Is America’s economy stalled? — Part 1

Janet Yellen and her committee at America’s central bank (the Fed) are about to raise the basic interest rate.  Too fearful of raising it any higher it — and stalling or bankrupting too many businesses — it will only be by 0.25%. It is going to be interesting to see what effect it will have. There are more than one or more reasons why it will make hardly any differences at all to America’s economy.  The first of these — though not in any order of importance — is:

1.  There being no more uniquely new status goods, those who have full-time jobs and can afford the existing kit — house, car, furnishings, clothing, personal ornaments, leisure travel — will only be buying replacements or embellishments from now inwards.  Two growing needs in all countries for better education and health care will require increasing numbers of highly educated professionals — ideally and ultimately on a one-for-one basis for longer or shorter periods of customers’ time — and will therefore take up an increasing proportion of normal incomes, thus unaffordable by most, except by fellow professionals.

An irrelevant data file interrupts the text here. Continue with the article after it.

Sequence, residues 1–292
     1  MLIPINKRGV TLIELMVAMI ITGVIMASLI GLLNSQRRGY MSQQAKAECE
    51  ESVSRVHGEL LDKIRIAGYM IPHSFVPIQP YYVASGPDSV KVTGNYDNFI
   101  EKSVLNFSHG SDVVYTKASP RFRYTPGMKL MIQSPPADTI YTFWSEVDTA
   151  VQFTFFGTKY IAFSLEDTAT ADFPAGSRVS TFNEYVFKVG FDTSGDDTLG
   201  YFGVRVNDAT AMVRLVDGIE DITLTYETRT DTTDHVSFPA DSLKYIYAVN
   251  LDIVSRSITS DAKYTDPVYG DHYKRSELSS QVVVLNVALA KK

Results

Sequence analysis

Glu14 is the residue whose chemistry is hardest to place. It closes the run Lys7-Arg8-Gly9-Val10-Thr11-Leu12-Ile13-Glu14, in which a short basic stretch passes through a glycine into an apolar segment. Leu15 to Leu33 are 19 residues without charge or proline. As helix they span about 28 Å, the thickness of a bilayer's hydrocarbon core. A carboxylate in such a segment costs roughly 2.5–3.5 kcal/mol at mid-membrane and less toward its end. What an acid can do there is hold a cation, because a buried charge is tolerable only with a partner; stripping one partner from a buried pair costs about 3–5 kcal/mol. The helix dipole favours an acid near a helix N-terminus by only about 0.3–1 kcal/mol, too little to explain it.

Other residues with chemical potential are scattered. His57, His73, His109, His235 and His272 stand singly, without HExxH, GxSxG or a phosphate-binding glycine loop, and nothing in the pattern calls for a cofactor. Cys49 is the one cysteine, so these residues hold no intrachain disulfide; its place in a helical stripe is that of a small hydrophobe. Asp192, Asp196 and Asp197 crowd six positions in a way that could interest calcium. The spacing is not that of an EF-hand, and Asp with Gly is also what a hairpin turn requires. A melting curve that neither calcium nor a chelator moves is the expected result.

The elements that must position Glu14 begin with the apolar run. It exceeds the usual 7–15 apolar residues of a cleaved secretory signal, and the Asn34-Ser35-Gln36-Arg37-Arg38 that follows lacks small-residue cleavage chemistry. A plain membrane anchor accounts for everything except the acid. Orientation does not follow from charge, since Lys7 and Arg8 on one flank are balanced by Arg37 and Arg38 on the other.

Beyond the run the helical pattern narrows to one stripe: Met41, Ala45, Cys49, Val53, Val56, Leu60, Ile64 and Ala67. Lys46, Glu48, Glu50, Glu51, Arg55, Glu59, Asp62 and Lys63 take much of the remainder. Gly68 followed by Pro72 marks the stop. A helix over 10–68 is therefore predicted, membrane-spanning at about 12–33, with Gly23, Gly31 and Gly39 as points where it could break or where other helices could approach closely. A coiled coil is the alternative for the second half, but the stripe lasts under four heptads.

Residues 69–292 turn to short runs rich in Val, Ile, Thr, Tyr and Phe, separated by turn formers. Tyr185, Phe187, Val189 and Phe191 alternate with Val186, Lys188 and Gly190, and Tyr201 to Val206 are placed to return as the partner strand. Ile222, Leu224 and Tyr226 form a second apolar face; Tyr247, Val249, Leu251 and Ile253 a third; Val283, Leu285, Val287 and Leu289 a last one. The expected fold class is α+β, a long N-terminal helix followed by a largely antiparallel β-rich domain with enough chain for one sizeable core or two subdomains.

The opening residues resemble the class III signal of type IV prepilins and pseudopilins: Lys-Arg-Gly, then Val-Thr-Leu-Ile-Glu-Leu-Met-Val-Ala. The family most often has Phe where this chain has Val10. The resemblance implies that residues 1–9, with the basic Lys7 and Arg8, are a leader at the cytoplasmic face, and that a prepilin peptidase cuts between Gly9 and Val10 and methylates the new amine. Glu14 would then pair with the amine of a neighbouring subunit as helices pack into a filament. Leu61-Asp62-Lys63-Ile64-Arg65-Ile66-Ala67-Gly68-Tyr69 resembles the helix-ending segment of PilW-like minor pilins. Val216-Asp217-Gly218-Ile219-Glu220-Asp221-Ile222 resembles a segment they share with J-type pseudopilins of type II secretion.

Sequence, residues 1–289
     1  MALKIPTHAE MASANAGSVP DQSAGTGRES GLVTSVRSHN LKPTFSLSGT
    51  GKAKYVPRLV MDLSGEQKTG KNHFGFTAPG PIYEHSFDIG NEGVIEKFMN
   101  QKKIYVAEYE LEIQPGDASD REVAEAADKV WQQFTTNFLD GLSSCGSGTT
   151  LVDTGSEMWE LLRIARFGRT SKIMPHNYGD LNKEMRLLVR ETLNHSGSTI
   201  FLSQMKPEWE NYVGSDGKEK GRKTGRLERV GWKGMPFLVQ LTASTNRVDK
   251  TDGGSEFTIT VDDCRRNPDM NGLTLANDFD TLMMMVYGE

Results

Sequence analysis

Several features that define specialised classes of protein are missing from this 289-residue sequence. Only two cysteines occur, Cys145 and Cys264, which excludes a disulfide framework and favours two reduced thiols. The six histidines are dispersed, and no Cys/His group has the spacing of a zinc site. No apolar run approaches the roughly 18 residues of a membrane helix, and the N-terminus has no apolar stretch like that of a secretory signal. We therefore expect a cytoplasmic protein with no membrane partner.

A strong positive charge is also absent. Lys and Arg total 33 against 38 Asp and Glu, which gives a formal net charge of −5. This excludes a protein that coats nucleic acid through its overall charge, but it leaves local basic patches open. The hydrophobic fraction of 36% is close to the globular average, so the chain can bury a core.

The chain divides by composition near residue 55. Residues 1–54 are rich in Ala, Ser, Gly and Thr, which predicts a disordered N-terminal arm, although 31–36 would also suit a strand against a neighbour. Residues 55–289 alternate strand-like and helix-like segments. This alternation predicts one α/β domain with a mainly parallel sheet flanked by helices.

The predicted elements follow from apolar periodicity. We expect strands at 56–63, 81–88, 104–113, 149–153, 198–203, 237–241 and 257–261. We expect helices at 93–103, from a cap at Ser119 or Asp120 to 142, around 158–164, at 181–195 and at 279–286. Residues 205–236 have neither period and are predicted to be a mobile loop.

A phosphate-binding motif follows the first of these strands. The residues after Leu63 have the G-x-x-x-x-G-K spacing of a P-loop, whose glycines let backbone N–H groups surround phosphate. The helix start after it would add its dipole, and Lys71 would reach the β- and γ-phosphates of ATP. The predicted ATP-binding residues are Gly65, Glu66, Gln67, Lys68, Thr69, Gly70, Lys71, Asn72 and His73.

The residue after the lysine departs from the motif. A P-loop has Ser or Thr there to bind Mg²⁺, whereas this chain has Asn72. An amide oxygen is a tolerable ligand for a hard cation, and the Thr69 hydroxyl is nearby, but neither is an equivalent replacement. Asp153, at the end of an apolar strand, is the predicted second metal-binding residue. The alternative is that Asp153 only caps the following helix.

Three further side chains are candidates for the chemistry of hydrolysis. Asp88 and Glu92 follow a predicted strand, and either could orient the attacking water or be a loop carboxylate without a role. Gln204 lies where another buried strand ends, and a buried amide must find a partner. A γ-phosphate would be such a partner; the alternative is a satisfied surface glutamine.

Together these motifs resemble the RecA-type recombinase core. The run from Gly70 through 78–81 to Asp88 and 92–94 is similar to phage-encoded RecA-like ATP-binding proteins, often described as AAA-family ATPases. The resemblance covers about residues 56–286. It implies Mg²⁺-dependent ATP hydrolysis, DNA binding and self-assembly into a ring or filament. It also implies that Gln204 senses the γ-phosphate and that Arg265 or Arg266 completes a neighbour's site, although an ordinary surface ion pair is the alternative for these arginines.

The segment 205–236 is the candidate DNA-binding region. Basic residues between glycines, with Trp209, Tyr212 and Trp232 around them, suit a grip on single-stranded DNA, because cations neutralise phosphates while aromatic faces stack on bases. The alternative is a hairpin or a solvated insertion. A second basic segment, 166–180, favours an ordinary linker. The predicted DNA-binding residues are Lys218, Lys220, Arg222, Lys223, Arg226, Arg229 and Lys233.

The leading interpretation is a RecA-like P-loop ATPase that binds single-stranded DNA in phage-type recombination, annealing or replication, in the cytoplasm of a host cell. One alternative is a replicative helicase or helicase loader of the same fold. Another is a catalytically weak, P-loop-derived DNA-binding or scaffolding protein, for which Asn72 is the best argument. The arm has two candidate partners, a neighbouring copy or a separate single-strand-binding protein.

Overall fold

Unless there is a transformation in the experience of all children from birth giving optimal emotional, socialisation and informational environments and thus the fullest possible development of individual genetic inheritance, then society of all countries is likely to continue to divide into two parts. One part is a highly professional elite and the other is an inadequately, even blunted, educated majority.

In the First World (so-called developed) countries the proportion of the elite in the proximate decades will remain roughly 15% as now.  In the Third World (so-called developing) countries the elite is likely to remain at about 1%.  In the ‘Second World’ countries (so-called fast emergent e.g. India, Russia, Brazil and  some southern and eastern European countries), the percentage of the elite can be somewhere in between.

If indeed the above reason is the critical one then the future of mankind will depend on the relative birth rates between the elite and the masses.

The remaining four possible critical reasons follow in the next two Parts.

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